Growth in commercial bookings highlight “an impressive start” to the year. The results also featured a strong second-quarter earnings outlook, operating margins that “significantly outperformed,” and “solid” growth with Azure. “Microsoft remains the best positioned name in tech for the emerging Hybrid Cloud architecture, with improving margins sustaining a durable mid-teens total return profile.” Overweight rating, price target raised to $157 from $155.
Bernstein, Mark Moerdler
The company “beat virtually every metric driven by strength in Cloud, Sever & Tools, and Windows Pro.”
Outperform rating, price target raised to $167 from $162. The analysts “remain positive & like buying” the stock.
RBC Capital Markets, Alex Zukin
This was “a strong start” to the year, “with bookings strength across the board” and “no macro weakness.” The revenue outlook “was lower than expected but with stronger margins, as gaming is expected to be weak.” Outperform rating, price target raised to $163 from $160.
Microsoft has transformed itself from a software maker to a software as a service company (SaaS). In the process it has transformed its lumpy cyclical cashflows into a steady revenue stream which is much more easily modellable. That allows analysts a much higher degree of comfort with the balance sheet and that generally commands a higher multiple. This subscription business model affords Microsoft and other companies growth rate and margins of a tech company but with the cashflows of a consumer staples company.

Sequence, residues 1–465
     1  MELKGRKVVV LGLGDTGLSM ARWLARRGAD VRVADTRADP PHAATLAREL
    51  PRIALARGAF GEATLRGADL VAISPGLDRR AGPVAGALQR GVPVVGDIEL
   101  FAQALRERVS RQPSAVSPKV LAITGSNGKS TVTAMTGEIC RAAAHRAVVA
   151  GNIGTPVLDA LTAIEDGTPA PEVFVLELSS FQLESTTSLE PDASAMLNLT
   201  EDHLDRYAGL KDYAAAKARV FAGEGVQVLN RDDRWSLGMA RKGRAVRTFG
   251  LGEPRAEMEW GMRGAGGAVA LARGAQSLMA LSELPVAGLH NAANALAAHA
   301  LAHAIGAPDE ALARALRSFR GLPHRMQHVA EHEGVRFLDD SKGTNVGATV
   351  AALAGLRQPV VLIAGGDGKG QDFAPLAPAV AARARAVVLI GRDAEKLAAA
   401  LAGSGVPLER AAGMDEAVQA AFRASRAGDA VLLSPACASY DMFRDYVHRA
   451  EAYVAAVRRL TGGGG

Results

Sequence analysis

The evolution of the cloud computing sector for large companies like Microsoft, Amazon and Google, where they are building the data centres, renting space on their servers and providing services is a further iteration of the SaaS business model but with hardware/storage characteristics. One of the reasons Amazon’s earnings were weaker is because it is now dealing with competition from both Microsoft and Google. The latter has just signed up Oracle’s former CEO to head its cloud division which further highlights its intent to compete.
Microsoft has been confined to a tight range since July which has allowed the trend mean to catch up. It is back testing the upper boundary and a sustained move below $130 would be the minimum required to question the consistency of the uptrend.
Amazon is the buy-the-dip stock of this cycle and bounced impressively from the weak open to close most of the decline. A sustained move below $1700 would now be required to question current scope for some additional upside.
Google/Alphabet continues to testing the upper side of its medium-term range and a sustained move below $1170 would be required to question potential for a breakout.
Intel is attempting to build a future on supplying chips to server farms and the share has a similar medium-term range to the above shares.
Nvidia broke out to new recovery highs this week which bolsters the argument for a recovery.
These companies have been led higher by large chip manufacturers like Samsung and Taiwan Semiconductor.
The Philadelphia Semiconductors Index appears to be breaking on the upside and that is potentially leading the wider market.